Around one third of all food produced for food consumption around the world is either lost or wasted.
The UN Food and Agriculture Organization (FAO) reveals that international cooperation and innovative, climate-friendly technologies are critical to address global food loss and waste which totals more than 1.3 billion tonnes a year.
Around one third of all food produced for food consumption around the world is either lost or wasted. Food loss mainly occurs in developing countries where 821 million people still suffer from chronic malnutrition and also has an impact on climate change.
FAO is working with a broad spectrum of stakeholders and partners to tackle food loss and waste. It is also exploring sustainable solutions to better protect the earth’s ozone layer in line with the Montreal Protocol and its Kigali Amendment.
Meanwhile, FAO has given six tips on how to avoid and reduce food waste:
Be realistic – Plan in advance and don’t prepare food for 50 people if only 5 are coming to dinner.
Freeze leftovers or give them to guests – If you do cook too much food, encourage guests to take some home with them. Whatever is left, put it promptly in the freezer for another day. In general, food should not be left at room temperature for longer than two hours.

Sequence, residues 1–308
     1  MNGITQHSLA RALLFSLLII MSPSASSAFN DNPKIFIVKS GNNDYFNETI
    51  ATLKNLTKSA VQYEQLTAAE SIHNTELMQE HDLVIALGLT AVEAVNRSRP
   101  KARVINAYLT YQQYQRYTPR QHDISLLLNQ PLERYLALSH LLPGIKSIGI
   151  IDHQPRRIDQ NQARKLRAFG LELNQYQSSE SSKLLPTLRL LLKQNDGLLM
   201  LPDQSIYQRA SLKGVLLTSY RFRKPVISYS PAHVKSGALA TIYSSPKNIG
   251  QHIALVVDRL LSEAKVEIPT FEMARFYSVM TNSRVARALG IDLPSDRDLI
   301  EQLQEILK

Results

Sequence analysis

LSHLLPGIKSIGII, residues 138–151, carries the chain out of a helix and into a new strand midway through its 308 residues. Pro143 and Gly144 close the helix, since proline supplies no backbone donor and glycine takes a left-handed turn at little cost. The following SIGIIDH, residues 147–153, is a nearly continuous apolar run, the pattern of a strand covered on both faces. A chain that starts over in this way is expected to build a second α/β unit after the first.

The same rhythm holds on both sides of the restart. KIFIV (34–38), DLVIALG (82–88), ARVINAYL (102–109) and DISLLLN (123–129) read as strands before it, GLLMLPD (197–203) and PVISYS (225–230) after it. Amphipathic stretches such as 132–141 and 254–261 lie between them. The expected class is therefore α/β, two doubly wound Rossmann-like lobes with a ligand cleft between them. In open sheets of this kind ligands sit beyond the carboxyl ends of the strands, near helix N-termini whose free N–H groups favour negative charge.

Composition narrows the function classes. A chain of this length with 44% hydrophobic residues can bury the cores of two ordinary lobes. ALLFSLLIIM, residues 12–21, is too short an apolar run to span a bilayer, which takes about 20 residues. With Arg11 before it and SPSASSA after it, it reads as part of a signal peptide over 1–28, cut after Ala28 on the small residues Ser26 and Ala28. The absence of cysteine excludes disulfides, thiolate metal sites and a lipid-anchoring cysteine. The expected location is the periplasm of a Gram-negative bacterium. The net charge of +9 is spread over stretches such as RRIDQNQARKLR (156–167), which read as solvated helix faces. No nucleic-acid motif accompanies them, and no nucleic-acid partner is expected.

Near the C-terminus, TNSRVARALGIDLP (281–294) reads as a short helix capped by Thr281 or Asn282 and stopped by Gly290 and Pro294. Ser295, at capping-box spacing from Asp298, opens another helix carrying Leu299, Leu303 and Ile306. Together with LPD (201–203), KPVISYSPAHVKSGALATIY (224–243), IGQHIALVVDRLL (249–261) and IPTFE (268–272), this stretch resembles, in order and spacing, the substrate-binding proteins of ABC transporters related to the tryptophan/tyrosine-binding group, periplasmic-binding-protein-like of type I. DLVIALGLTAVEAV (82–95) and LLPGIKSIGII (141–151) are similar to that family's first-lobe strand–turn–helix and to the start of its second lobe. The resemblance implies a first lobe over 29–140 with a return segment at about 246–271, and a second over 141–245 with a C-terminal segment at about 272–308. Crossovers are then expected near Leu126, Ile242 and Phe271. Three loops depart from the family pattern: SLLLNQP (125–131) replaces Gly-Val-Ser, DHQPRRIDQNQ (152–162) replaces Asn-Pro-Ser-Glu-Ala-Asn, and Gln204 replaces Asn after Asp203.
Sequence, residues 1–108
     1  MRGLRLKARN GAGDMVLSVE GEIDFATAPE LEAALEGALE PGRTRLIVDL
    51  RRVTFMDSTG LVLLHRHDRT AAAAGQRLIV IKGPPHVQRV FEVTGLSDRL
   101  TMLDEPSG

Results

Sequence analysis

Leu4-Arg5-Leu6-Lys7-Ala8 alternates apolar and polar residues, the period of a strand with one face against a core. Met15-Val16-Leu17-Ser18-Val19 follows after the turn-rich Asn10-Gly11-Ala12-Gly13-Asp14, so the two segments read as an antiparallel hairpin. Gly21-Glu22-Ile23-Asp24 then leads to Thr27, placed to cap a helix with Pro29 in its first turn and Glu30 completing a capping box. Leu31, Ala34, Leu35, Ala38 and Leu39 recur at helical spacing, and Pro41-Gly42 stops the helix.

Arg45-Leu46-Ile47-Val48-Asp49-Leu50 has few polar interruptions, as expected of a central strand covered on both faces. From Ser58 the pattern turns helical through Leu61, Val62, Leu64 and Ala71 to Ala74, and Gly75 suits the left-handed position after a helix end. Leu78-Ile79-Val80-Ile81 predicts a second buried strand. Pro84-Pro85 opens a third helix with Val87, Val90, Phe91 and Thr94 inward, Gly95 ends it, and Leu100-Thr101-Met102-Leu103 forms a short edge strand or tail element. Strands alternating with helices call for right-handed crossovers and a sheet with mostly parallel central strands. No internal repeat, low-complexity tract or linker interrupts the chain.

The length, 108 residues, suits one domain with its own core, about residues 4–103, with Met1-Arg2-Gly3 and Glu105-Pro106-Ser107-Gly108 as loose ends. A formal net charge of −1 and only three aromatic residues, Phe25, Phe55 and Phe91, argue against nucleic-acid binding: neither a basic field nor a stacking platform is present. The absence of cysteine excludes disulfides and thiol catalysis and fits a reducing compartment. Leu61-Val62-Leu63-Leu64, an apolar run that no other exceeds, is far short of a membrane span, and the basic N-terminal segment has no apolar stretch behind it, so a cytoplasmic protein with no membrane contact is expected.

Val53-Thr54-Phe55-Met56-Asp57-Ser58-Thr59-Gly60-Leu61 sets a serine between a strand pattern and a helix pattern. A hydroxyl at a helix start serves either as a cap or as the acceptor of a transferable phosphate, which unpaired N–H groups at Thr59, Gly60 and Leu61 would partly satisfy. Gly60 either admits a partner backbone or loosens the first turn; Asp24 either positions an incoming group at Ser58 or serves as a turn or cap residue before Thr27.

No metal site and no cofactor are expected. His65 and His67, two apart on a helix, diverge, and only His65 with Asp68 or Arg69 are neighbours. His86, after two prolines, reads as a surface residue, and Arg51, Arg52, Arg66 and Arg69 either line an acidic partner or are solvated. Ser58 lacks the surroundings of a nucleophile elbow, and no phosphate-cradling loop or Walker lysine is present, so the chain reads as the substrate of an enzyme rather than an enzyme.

Turn the leftover food into the next day’s lunch or dinner – There are many creative recipes on the internet for using leftovers. In fact, several dishes like casseroles, goulash, fattoush, and panzanella started from the desire not to waste fruits, vegetables, or even excess, bread. Make sure that you store any leftovers in the refrigerator and use it as soon as possible.
Finish leftovers before making something new – The instinct to make something different for every meal is quite common, but before cooking a new dish, see if you have anything already prepared and still safe to eat to finish first. Alternatively, turn your old leftovers into a new dish. Just remember to avoid re-heating food and then putting it back into the refrigerator later.
Allow guests to serve themselves – As nice as it is to serve people, a host might not accurately gage how much or how little someone wants to eat, and usually errs on the side of too much. Allowing guests to serve themselves means that they can choose the amount that they would like to eat. (As a food waste tip for guests: when a meal is self-serve, don’t take more than you can eat!)
Donate what you don’t use – If you buy extra cans, dried goods, or other non-perishable food that can be donated, there are many local charities that happily accept these foods. Check out the internet for places near you that accept donations.
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